# What is the difference between the following terms: Incandescence, luminescence, fluorescence, phosphorescence, chemiluminescence and bioluminescence? [closed]

What are the differences between incandescence, luminescence, fluorescence, phosphorescence, chemiluminescence, bioluminescence?

## closed as off-topic by Todd Minehardt, Jannis Andreska, Klaus-Dieter Warzecha, M.A.R., JanNov 16 '16 at 19:14

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That was a 'catchy' question ;)

First a broad division into : Incandescence and Luminescence.

Incandescence is the emission of light from a body that is heated until it glows.

Luminescence is the emission of light by a substance for any reason other than rise in its temperature.

Now the following come under Luminescence:

If the cause of the excitation is due to photons striking atoms, the associated emission of light is called photoluminescence. If it is due to electrons, then the emission of light is referred to as electroluminescence.

If the luminescence results from a chemical reaction, it is chemiluminescence. A form of chemiluminescence, where the emission of light is due to a chemical reaction occurring in vivo, then it's called bioluminescence.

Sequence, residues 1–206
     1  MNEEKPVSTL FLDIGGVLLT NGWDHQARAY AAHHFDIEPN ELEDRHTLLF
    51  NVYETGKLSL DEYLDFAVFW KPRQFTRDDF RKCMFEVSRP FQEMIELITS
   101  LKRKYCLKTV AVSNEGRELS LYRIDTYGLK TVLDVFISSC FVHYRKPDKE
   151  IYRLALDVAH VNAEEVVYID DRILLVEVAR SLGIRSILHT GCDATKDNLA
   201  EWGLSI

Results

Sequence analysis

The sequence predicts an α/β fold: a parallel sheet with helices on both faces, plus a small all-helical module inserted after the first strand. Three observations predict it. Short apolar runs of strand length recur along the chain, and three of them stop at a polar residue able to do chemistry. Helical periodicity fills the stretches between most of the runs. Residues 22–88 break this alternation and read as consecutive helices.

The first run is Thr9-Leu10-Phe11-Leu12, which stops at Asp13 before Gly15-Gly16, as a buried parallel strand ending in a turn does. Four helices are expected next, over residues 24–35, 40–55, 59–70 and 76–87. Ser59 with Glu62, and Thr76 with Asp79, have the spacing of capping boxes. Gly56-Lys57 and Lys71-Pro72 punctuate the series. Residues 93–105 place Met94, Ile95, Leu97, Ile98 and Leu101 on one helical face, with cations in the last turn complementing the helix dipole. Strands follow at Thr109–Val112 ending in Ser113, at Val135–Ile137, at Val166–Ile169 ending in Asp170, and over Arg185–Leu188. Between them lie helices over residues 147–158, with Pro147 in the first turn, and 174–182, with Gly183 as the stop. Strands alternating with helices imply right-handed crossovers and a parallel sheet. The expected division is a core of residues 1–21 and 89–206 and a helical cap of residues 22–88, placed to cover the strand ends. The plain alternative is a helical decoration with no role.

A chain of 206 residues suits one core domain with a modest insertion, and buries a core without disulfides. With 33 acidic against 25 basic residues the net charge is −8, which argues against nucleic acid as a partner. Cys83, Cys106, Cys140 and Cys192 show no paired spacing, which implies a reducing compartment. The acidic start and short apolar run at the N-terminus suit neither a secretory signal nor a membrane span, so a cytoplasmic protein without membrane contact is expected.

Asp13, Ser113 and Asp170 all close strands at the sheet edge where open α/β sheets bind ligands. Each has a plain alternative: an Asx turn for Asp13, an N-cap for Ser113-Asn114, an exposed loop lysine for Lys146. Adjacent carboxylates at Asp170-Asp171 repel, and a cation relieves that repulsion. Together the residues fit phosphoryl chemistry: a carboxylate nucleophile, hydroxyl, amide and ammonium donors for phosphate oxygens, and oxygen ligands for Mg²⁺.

If the luminescence persists significantly (according to my Oxford Science dictionary, a period of time greater than 10 nanoseconds would be "significant") after the exciting cause has been removed, it is called phosphorescence. If it fails to persist for longer than 10 nanoseconds, then it's called fluorescence.

EDIT- @KlausWarzecha answered the Fluorescence-Phosphorescence conundrum better in his answer here : What happens to electrons in metal complexes after excitation by visible light?

There are however cases, in which the initially formed excited singlet state species first relaxes to its lowest vibrational mode and the emits a photon to reach the ground state.

$$\ce{S_1 -> S_0 + h\nu_{f}}$$

This deactivation via radiation is known as fluorescence. Fluorescence lifetimes are typically rather short (in the ns range) and the emitted photon has a lower energy than the absorbed one.

and on phosphorescence,

In other cases, the excited singlet state undergoes a change in the spin multiplicity (Intersystem crossing) to a triplet state.

$$\ce{S_1 ->[ISC] T_1}$$

These excited triplet states are usually much longer-lived. When they eventually deactivate via emission of a photon, this process is known as phosphorescence.

$$\ce{T_1 -> S_0 + h\nu_{p}}$$

Note that the way I 'defined' fluorescence and phosphorescence has been greatly oversimplified (and possibly wrong), but it should suffice for your purpose. ;)